Wednesday, March 4, 2009

The Inevitability of Errors

Errors are inevitable – no matter what the stakes, no matter how much you practice, things are going to go wrong a certain percentage of the time in any complex task or decision. The New York Times has an article with an excellent example: basketball free throws.

There is nothing in sports as straightforward as a free throw; the equipment is always the same, the geometry is constant, and there is no defense interfering. The only variables are the player’s concentration and control over his or her body. And yet, at the highest level of the game, it goes wrong 25% of the time, year after year after year:

In the National Basketball Association, the average has been roughly 75 percent for more than 50 years. Players in college women’s basketball and the W.N.B.A. reached similar plateaus — about equal to the men — and stuck there.

The general expectation in sports is that performance improves over time. Future athletes will surely be faster, throw farther, jump higher. But free-throw shooting represents a stubbornly peculiar athletic endeavor. As a group, players have not gotten better. Nor have they become worse.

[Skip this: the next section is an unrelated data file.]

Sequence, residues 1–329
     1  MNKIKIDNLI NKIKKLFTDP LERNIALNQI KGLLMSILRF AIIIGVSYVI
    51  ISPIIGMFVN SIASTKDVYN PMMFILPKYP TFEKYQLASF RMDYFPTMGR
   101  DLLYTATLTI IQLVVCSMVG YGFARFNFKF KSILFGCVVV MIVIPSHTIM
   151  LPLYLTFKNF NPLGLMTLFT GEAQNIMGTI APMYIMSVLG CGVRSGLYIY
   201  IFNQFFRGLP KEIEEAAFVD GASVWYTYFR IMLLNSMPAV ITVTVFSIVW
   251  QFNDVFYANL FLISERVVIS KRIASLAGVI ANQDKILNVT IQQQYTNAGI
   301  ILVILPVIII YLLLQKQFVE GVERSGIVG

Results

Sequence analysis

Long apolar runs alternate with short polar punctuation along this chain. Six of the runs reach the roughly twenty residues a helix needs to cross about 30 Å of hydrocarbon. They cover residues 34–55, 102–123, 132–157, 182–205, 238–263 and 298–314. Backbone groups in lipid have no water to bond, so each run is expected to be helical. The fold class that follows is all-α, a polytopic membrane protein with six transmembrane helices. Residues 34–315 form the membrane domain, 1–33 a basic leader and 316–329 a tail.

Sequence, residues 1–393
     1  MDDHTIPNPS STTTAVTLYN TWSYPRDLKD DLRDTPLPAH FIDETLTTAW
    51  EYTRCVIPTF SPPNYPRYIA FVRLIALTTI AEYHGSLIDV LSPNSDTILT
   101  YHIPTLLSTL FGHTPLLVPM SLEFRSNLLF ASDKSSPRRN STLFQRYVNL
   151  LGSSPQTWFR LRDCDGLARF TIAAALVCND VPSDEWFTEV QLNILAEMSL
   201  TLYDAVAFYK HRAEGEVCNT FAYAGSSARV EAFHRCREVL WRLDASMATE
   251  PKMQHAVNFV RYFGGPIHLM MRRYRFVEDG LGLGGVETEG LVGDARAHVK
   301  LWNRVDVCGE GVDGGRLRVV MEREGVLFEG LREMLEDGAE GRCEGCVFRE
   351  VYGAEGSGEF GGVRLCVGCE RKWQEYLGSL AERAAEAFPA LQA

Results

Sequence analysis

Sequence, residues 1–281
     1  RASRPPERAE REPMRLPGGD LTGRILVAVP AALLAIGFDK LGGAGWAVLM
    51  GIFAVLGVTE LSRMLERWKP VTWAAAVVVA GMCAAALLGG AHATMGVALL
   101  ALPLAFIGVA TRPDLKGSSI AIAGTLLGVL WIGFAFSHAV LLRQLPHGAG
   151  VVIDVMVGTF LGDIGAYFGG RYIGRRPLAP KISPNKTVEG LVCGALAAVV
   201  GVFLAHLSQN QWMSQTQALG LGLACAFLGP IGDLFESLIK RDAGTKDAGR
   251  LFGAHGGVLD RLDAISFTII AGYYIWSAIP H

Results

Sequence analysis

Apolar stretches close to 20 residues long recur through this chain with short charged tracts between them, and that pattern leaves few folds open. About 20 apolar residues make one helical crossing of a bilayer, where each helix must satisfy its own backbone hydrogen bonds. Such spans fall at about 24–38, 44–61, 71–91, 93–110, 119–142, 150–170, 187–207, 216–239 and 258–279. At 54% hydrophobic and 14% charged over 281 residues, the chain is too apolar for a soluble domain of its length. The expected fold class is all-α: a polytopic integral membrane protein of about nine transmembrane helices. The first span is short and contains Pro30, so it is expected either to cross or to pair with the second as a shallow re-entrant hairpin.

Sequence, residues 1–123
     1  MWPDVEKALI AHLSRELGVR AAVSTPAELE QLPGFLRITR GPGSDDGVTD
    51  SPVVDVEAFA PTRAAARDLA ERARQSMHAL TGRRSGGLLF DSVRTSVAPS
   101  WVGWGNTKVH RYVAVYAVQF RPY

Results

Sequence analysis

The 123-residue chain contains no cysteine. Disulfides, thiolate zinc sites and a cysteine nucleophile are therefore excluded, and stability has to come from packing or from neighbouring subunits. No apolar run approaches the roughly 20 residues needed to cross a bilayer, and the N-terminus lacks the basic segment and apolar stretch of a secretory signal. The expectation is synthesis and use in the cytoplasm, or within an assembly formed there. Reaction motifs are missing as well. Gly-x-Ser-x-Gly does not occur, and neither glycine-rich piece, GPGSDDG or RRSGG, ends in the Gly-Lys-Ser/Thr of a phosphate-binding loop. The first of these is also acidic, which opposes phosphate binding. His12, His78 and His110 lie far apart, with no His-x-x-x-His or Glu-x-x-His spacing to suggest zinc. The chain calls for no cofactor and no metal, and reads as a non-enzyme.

“It’s unbelievable,” Larry Wright, an adjunct professor of statistics at Columbia, said as he studied the year-by-year averages. “There’s almost no difference. Fifty years. This is mind-boggling.”

And it’s not like the stakes aren’t high:

Last season, Memphis was 38-2 despite making only 61 percent of its free throws, missing an average of nearly 10 a game. The Tigers lost the national championship game after missing 4 of 5 free throws in the final 72 seconds against Kansas, which had made a late 3-point shot to tie the game and won in overtime…About two-thirds of a winning team’s points in the final minute typically come from the free-throw line…

Obviously, we need to work to eliminate mistakes and design systems to minimize the chance of them occurring. But, a certain percentage of the time errors will happen. Learn what you can from them and move on.